and (II) the appropriate criminal history category determined under §§4A1.1 (Criminal History Category) and 4A1.2 (Definitions and Instructions for Computing Criminal History).
(ii) If the count(s) of conviction other than the 18 U.S.C. § 924(c) or 18 U.S.C. § 929(a) count(s) qualifies the defendant as a career offender, the otherwise applicable guideline range for that count(s) is the guideline range determined for that count(s) under §4B1.1(a) and (b).
(D) Imposition of Consecutive Term of Imprisonment.—In a case involving multiple counts, the sentence shall be imposed according to the rules in subsection (e) of §5G1.2 (Sentencing on Multiple Counts of Conviction).
(E) Example.—The following example illustrates the application of subsection (c)(2) in a multiple count situation:
The defendant is convicted of one count of violating 18 U.S.C. § 924(c) for possessing a firearm in furtherance of a drug trafficking offense (5 year mandatory minimum), and one count of violating 21 U.S.C. § 841(b)(1)(B) (5 year mandatory minimum, 40 year statutory maximum). Applying subsection (c)(2)(A), the court determines that the drug count (without regard to the 18 U.S.C. § 924(c) count) qualifies the defendant as a career offender under §4B1.1(a). Under §4B1.1(a), the otherwise applicable guideline range for the drug count is 188-235 months (using offense level 34 (because the statutory maximum for the drug count is 40 years), minus 3 levels for acceptance of responsibility, and criminal history category VI). The court adds 60 months (the minimum required by 18 U.S.C. § 924(c)) to the minimum and the maximum of that range, resulting in a guideline range of 248-295 months. Applying subsection (c)(2)(B), the court then determines the career offender guideline range from the table in subsection (c)(3) is 262-327 months. The range with the greatest minimum, 262-327 months, is used to impose the sentence in accordance with §5G1.2(e).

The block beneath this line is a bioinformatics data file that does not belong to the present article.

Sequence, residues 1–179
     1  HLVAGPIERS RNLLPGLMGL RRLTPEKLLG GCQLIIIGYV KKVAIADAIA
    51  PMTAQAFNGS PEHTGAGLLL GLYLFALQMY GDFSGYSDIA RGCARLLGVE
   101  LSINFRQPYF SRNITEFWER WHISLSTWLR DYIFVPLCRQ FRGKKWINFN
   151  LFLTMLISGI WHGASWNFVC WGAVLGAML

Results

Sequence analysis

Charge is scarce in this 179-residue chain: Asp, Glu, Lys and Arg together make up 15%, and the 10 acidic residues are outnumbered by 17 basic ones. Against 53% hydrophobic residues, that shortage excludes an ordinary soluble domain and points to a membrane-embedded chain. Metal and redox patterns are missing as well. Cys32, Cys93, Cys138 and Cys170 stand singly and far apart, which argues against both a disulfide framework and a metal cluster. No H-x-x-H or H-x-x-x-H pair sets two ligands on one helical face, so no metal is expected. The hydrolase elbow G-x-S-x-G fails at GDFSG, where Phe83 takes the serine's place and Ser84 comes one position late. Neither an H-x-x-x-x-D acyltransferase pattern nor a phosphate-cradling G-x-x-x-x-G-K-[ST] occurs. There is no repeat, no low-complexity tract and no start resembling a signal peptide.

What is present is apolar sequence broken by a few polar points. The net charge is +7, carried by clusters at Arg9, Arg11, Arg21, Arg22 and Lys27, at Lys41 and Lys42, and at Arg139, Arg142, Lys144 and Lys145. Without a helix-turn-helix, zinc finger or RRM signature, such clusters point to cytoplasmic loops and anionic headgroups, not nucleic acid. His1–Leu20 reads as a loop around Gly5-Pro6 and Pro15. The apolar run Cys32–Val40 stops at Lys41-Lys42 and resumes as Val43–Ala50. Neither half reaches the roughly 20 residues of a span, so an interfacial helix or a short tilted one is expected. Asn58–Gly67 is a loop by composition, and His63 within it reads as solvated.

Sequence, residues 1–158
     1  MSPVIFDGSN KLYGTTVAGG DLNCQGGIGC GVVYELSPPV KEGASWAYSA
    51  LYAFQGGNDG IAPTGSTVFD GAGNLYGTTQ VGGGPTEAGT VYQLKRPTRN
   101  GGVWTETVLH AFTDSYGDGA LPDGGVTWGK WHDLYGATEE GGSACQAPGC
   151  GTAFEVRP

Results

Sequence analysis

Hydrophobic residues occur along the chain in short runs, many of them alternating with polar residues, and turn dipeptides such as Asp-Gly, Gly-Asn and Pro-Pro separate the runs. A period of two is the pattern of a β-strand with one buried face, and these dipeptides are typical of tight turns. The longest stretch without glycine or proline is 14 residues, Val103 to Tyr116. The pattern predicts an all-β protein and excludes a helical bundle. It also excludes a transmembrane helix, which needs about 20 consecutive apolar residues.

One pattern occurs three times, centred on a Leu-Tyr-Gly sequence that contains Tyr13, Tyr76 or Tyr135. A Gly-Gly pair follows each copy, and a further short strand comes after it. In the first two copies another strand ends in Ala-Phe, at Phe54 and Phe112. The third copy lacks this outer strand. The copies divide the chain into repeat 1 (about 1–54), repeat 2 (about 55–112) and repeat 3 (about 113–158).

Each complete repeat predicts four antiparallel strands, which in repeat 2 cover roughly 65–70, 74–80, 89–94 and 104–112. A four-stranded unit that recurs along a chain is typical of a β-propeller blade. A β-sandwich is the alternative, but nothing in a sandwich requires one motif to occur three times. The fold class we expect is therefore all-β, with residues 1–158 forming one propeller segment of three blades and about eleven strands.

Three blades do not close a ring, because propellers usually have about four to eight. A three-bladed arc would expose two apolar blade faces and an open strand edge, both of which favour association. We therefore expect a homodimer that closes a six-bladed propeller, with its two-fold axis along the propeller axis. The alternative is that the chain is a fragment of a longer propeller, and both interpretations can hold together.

Background: Section 994(h) of Title 28, United States Code, mandates that the Commission assure that certain "career" offenders receive a sentence of imprisonment "at or near the maximum term authorized." Section 4B1.1 implements this directive, with the definition of a career offender tracking in large part the criteria set forth in 28 U.S.C. § 994(h). However, in accord with its general guideline promulgation authority under 28 U.S.C. § 994(a)-(f), and its amendment authority under 28 U.S.C. § 994(o) and (p), the Commission has modified this definition in several respects to focus more precisely on the class of recidivist offenders for whom a lengthy term of imprisonment is appropriate and to avoid "unwarranted sentencing disparities among defendants with similar records who have been found guilty of similar criminal conduct . . . ." 28 U.S.C. § 991(b)(1)(B). The Commission’s refinement of this definition over time is consistent with Congress’s choice of a directive to the Commission rather than a mandatory minimum sentencing statute ("The [Senate Judiciary] Committee believes that such a directive to the Commission will be more effective; the guidelines development process can assure consistent and rational implementation for the Committee’s view that substantial prison terms should be imposed on repeat violent offenders and repeat drug traffickers." S. Rep. No. 225, 98th Cong., 1st Sess. 175 (1983)).
Subsection (c) provides rules for determining the sentence for career offenders who have been convicted of 18 U.S.C. § 924(c) or § 929(a). The Career Offender Table in subsection (c)(3) provides a sentence at or near the statutory maximum for these offenders by using guideline ranges that